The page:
30-09-2020 | Original Paper
Child ADHD Symptoms and Parent Involvement in Education
Gepubliceerd in: Journal of Child and Family Studies | Uitgave 12/2020Log in om toegang te krijgen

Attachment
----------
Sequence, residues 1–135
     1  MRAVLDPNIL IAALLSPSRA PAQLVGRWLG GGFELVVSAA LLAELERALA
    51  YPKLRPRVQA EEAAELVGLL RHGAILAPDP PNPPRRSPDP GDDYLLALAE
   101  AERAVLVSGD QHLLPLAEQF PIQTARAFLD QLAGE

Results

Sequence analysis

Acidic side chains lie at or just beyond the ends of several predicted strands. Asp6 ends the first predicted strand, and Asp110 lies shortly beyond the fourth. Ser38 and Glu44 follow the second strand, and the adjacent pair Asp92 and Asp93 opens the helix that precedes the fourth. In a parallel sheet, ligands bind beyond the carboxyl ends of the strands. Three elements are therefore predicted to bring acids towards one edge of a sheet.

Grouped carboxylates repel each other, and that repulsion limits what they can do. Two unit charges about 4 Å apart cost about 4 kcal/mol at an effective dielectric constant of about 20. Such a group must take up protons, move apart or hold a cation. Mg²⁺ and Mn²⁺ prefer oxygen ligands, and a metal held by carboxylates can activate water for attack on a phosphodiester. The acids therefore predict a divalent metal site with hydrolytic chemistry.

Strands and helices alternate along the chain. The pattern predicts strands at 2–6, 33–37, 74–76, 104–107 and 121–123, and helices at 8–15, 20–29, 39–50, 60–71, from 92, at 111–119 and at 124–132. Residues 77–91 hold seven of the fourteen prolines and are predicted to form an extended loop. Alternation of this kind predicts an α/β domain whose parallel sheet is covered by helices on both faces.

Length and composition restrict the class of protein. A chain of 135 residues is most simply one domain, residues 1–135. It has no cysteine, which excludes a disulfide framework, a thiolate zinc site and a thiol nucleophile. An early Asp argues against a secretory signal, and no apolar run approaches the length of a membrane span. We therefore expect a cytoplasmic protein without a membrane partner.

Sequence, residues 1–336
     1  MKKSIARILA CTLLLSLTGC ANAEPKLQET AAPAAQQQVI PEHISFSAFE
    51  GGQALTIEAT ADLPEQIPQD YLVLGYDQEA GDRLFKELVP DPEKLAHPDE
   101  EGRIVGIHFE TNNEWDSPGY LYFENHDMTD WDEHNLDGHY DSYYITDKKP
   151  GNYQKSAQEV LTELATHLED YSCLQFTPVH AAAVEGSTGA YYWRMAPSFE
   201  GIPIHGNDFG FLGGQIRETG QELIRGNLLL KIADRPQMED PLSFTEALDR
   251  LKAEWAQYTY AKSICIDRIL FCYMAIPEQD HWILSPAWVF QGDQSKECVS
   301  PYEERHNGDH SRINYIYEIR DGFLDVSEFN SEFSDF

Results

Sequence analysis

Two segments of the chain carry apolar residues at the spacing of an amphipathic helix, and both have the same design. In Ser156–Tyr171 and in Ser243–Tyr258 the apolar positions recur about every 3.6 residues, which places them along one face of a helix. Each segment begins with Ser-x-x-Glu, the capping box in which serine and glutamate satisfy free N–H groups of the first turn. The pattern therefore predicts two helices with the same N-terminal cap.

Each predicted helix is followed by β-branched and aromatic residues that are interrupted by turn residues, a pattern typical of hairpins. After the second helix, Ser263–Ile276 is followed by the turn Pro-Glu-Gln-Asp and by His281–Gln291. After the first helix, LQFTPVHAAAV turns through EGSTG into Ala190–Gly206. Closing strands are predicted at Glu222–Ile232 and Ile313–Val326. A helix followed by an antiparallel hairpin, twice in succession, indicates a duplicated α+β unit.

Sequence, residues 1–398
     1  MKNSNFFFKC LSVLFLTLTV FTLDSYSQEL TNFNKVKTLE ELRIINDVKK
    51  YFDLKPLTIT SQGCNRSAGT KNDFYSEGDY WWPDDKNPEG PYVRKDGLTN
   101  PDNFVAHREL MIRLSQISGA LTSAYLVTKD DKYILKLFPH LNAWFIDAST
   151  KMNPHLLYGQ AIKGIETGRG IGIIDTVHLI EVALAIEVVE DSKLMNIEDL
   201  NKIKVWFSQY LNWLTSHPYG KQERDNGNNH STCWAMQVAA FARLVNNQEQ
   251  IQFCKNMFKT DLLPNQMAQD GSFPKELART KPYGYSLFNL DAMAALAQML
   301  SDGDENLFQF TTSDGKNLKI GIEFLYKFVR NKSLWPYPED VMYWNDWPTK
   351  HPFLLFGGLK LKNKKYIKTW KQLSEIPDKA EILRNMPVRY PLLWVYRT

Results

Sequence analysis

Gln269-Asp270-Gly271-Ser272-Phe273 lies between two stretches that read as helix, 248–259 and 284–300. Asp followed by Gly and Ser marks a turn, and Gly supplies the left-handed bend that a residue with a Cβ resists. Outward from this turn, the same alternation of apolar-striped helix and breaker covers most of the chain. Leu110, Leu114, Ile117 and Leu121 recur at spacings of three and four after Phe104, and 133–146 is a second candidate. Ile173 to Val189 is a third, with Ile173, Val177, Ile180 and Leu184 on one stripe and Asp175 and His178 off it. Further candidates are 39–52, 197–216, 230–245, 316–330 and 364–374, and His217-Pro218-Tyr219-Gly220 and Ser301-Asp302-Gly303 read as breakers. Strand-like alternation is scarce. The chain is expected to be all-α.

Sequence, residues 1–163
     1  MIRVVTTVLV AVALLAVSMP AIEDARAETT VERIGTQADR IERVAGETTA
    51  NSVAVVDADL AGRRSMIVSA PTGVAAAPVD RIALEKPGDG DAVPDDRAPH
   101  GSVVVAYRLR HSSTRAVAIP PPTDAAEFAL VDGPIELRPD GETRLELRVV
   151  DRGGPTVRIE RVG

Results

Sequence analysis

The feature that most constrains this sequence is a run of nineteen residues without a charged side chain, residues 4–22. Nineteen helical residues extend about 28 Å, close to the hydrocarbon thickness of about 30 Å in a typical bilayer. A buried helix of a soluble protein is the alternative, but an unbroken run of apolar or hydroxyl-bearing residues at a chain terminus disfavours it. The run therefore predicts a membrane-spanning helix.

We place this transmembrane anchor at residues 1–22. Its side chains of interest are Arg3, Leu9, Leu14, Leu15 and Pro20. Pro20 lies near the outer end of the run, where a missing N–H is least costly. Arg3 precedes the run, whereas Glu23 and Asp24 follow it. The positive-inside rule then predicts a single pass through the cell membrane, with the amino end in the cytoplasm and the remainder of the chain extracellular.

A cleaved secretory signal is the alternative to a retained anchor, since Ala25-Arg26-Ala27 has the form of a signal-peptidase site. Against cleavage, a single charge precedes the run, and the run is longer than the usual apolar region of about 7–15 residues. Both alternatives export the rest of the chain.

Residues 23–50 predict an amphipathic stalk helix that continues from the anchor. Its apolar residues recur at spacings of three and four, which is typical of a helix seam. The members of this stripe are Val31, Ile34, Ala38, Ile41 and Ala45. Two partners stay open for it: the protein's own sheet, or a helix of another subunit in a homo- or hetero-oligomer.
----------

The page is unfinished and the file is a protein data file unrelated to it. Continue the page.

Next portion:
This study examined whether inattention and hyperactivity/impulsivity moderated the relationship between parent’s personal and contextual motivators for involvement in their child’s education (i.e., self-efficacy, role construction, time and energy, knowledge and skill) and involvement in their child’s activities at home. Parents and teachers of 122 kindergarten students rated children’s levels of inattention and hyperactivity/impulsivity. Parents reported on their motivators for involvement in their child’s education as well as parent involvement behaviors at home. Inattention predicted home-based involvement in most models. Inattention also moderated the relationships between parents’ perceived knowledge and skills, role construction, and time and energy and their involvement activities at home, such that parent’s personal and contextual moderators were more strongly linked with their home-based involvement when children’s levels of inattention were high. Hyperactivity/impulsivity was not a significant predictor of parent involvement at home and did not moderate the association between parent’s personal and contextual motivators and their home-based involvement activities. These findings suggest that considering motivators for involvement may be particularly important when working with youth with high levels of inattentive symptoms. In particular, findings provide insight into which families are particularly at risk for low levels of involvement. Implications for research and practice are delineated.